Nestlé bullish on a more nutritionally-aware Chinese market
Updated 22:18, 27-Mar-2019
CGTN
["china"]
02:45
Nestlé, the world's largest food company, has been in China for more than 30 years. At the China Development Forum (CDF), CEO Mark Schneider told CGTN he is bullish on the long-term growth of the Chinese market. 
"We've been here for more than 30 years, very proud of that when throwing 43,000 people in this country and made a big bet on China," he said. "We've been very happy with this decision. We've been participating in this enormous development of the country’s economy." 
Despite the slowing global economy, Nestlé has pledged to keep focused on R&D. "In fact, we have the largest research and development spending on food and beverage,"  Schneider said, adding that the company has five R&D centers in China. 
CGTN anchor Cheng Lei with Nestlé CEO Mark Schneider, March 24, 2019. /CGTN Photo

CGTN anchor Cheng Lei with Nestlé CEO Mark Schneider, March 24, 2019. /CGTN Photo

"... Spending in most markets over time will go up and down, but consumers have become more discerning not only to push more, but also to push better quality," Schneider said. As for the newly adopted Foreign Investment Law in China, Mark Schneider said it will benefit the company because it'll bring new investment to the country as well as bolster the mid-to-long term prospects of the market.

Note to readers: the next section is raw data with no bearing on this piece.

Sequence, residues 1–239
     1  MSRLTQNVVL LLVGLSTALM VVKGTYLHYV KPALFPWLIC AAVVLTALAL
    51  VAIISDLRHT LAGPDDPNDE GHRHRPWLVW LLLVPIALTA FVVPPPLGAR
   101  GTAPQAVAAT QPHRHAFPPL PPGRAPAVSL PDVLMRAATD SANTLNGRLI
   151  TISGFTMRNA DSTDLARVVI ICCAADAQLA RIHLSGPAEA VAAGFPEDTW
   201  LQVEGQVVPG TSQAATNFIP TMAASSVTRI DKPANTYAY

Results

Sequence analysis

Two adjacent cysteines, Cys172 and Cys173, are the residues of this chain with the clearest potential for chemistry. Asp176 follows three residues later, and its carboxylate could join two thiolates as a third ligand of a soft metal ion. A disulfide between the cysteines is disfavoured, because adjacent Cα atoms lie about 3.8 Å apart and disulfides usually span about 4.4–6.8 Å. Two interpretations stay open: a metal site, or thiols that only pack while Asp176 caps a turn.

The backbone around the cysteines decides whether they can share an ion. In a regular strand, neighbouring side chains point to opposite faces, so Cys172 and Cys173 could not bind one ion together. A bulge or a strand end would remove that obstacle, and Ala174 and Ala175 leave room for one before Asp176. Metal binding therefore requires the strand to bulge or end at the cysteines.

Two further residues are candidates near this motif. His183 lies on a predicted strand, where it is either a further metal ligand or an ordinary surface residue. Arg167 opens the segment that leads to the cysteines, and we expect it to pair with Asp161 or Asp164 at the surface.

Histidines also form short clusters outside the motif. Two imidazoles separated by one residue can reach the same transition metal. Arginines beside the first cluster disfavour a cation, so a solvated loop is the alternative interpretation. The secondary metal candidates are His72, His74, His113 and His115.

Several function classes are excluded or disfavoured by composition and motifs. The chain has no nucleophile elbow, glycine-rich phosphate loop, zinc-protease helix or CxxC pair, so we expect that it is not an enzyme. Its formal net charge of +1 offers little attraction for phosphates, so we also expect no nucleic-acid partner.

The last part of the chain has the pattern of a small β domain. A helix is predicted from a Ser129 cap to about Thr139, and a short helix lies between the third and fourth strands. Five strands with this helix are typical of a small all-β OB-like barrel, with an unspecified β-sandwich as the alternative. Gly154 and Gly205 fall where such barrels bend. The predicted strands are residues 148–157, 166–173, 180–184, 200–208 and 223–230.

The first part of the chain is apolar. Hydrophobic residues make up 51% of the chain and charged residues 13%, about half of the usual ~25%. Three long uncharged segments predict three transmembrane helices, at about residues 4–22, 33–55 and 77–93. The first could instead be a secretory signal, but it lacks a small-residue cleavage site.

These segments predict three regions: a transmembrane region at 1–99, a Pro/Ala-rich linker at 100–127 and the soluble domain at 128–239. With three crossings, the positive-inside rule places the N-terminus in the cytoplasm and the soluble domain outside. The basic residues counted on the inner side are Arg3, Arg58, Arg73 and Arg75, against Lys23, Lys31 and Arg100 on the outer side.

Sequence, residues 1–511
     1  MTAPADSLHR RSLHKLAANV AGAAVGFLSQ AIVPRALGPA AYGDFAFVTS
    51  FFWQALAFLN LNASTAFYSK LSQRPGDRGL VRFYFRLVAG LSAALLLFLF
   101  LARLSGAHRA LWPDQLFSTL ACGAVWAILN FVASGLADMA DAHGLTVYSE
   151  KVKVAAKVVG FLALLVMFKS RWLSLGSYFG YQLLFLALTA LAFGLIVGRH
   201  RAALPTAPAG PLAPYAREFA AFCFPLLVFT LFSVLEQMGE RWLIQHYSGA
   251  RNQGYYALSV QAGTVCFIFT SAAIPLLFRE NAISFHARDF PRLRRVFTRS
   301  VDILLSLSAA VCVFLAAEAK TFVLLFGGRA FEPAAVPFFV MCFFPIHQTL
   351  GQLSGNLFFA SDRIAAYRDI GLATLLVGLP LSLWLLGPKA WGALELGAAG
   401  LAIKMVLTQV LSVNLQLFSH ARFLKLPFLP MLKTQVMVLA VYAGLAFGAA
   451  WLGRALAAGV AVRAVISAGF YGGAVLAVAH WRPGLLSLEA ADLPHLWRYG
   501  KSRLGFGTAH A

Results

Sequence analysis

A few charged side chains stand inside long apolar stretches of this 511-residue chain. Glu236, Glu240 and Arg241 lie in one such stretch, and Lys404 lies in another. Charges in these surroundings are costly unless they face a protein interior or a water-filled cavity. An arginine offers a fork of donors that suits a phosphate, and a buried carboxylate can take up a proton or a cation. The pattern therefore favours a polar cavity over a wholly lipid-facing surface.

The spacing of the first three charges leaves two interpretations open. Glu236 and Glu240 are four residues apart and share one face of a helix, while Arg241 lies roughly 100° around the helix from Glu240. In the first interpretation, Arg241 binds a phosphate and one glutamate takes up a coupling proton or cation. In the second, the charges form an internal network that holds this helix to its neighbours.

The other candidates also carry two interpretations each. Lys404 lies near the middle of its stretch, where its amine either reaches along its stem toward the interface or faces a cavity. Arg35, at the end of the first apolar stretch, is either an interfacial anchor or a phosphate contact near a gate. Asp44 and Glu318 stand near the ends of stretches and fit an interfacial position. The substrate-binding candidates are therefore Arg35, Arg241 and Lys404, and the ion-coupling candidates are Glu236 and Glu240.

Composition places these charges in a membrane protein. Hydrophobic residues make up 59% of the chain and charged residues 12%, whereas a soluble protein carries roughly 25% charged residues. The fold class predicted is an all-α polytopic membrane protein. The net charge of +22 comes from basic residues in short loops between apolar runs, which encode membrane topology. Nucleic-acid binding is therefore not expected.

The food company knows well how to combine its specialties with that of other companies as it completed the acquisition of the Starbucks packaged coffee business last year. Mark Schneider also eyes more opportunities in the Chinese market and said he will be happy if he can find good acquisitions here. 
As Chinese consumers turn to a healthier and more balanced diet these days, the Nestlé CEO said the company has made ready a group of 24 products for the shelves, based on roasted ground coffee.
Nestlé said it is cutting down the amount of sugar content and to make it a slower release, as a way of addressing increasing diabetes cases. "In addition to the fact that there is sometimes too much sugar in our diet, a lot of this gets released into the bloodstream very fast. So overall more whole grain products that tend to be slower release, lower amounts of sugar. I think this is the direction where research is developing," he explained.